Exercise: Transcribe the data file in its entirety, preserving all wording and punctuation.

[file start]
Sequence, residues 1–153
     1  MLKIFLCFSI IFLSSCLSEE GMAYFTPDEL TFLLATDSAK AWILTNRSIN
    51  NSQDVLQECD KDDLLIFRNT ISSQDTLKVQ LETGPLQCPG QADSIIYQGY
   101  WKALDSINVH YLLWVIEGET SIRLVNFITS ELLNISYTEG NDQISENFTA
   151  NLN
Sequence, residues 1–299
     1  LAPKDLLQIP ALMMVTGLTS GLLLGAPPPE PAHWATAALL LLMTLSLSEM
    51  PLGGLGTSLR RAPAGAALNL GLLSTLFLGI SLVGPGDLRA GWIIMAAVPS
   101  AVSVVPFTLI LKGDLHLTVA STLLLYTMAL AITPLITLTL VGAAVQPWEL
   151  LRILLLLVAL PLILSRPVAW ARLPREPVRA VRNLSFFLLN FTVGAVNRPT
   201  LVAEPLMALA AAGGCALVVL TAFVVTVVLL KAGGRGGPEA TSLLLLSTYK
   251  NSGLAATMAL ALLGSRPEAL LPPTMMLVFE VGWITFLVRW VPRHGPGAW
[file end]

Sequence, residues 1–153
     1  MLKIFLCFSI IFLSSCLSEE GMAYFTPDEL TFLLATDSAK AWILTNRSIN
    51  NSQDVLQECD KDDLLIFRNT ISSQDTLKVQ LETGPLQCPG QADSIIYQGY
   101  WKALDSINVH YLLWVIEGET SIRLVNFITS ELLNISYTEG NDQISENFTA
   151  NLN
Sequence, residues 1–299
     1  LAPKDLLQIP ALMMVTGLTS GLLLGAPPPE PAHWATAALL LLMTLSLSEM
    51  PLGGLGTSLR RAPAGAALNL GLLSTLFLGI SLVGPGDLRA GWIIMAAVPS
   101  AVSVVPFTLI LKGDLHLTVA STLLLYTMAL AITPLITLTL VGAAVQPWEL
   151  LRILLLLVAL PLILSRPVAW ARLPREPVRA VRNLSFFLLN FTVGAVNRPT
   201  LVAEPLMALA AAGGCALVVL TAFVVTVVLL KAGGRGGPEA TSLLLLSTYK
   251  NSGLAATMAL ALLGSRPEAL LPPTMMLVFE VGWITFLVRW VPRHGPGAW